Sam Butler review…October 16, 2015…




Sam Butler has worked as the guitarist for  acclaimed gospel group The Blind Boys Of Alabama for over twenty years, literally learning at the feet of his father, Samuel Butler, Sr., as a child.  Producer Brian Brinkerhoff wanted to expose Sam to a broader audience by releasing an album of Sam’s guitar stylings on spiritually-themed songs written by predominantly-secular artists.  The splendid result is his latest release for Severn Records, “Raise Your Hands!”  Sam plays twelve cuts from writers such as Johnny Cash, Van Morrison, Bruce Springsteen, and several others.

Joining Sam are lap steel master Roosevelt Collier, bassist Viktor Kraus, and drummer Marco Giovino.  Sam’s guitar tone is pure and strong throughout, breathing life into this gospel-inflected material.  Check out the rolling riff that drives the leadoff cut, Springsteen’s tale of Biblical miracles spelled out in “Heaven’s Wall.”  Brothers Maurice and Robin Gibb wrote the next cut, as Sam exhorts that “you can believe what you wanna–I’m gonna believe in The Lord.”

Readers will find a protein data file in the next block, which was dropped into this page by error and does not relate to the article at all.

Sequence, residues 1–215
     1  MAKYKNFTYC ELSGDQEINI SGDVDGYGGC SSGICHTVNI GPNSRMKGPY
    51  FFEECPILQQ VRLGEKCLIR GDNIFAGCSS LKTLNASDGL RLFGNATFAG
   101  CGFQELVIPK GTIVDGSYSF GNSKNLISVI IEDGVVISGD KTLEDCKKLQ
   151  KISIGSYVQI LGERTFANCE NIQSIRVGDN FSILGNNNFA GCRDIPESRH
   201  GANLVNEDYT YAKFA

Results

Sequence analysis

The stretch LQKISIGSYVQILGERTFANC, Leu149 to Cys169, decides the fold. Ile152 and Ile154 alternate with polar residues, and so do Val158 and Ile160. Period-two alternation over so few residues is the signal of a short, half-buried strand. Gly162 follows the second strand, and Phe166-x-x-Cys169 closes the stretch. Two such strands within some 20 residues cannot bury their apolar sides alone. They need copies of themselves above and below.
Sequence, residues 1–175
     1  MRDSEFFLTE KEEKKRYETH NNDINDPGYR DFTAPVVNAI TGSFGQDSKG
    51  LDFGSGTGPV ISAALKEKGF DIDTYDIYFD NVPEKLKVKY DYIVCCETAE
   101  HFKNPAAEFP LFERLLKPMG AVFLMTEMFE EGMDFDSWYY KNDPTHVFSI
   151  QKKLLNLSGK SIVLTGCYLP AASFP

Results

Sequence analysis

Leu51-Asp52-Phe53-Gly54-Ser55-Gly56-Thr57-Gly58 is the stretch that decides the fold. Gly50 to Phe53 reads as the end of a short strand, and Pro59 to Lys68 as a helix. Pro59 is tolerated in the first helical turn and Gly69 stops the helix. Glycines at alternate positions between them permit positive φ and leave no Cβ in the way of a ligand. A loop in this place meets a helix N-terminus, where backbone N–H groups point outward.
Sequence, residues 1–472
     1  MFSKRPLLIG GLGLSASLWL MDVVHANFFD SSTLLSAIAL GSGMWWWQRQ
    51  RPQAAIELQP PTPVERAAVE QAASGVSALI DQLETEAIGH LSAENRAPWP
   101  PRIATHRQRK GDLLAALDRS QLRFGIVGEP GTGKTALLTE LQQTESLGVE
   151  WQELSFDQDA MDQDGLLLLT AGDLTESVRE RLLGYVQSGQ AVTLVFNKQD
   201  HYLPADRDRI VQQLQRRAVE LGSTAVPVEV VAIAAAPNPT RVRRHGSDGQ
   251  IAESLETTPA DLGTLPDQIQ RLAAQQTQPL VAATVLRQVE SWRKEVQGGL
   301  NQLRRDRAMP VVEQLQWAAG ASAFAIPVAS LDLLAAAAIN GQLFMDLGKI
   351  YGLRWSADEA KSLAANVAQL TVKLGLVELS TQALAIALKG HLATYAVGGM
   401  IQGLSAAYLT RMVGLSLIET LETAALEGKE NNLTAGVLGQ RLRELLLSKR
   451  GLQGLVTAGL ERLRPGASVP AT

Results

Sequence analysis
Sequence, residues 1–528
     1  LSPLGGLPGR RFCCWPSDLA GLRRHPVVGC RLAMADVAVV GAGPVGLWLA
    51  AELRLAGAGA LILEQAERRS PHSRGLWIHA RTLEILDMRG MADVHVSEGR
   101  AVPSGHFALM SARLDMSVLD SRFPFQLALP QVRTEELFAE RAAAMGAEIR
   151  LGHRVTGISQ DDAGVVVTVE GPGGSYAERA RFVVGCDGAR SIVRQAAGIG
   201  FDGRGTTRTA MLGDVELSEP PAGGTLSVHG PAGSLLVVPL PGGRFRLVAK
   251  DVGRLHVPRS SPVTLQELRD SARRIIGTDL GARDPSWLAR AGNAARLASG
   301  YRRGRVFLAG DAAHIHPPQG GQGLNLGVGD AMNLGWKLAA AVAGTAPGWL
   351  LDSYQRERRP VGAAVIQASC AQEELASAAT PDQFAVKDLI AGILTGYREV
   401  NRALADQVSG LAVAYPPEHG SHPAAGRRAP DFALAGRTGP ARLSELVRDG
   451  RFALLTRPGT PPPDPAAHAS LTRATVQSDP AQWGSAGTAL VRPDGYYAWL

Several of the cuts have a decidedly-bluesy feel to them.  Roosevelt’s lap steel adds to the vibe of a cool Tom Waits song, where “there ain’t no smokers on this Gospel Train,” and “there’s never a sign that says No Vacancies Any More at God’s Hotel,” from Nick Cave.

Sam’s love for contemporary gospel is on full display thru more traditional cuts such as Curtis Mayfield’s “Wherever You Leadeth, I will follow,” and he closes the set with the quiet solitude of “Sanctuary,” where, no matter what, “Thou art with me.”

We had two favorites, too.  Sam gives a subdued, reverential vocal read of Clapton’s “Presence Of The Lord,” before it gives way to its bombastic, Armageddon-like instrumental climax.  And, another bluesy cut is the story of that last ride, the one taken in that “Long Black Cadillac,” where Sam recounts his life as “God’s messenger,” who “sings to ease pain.”

No amount of accolades can begin to express the contributions Sam Butler has made to the field of gospel music.  If your soul is in need of some musical manna, “Raise Your Hands!” is filling fare, indeed!  Until next time…Sheryl and Don Crow, The Nashville Blues Society.

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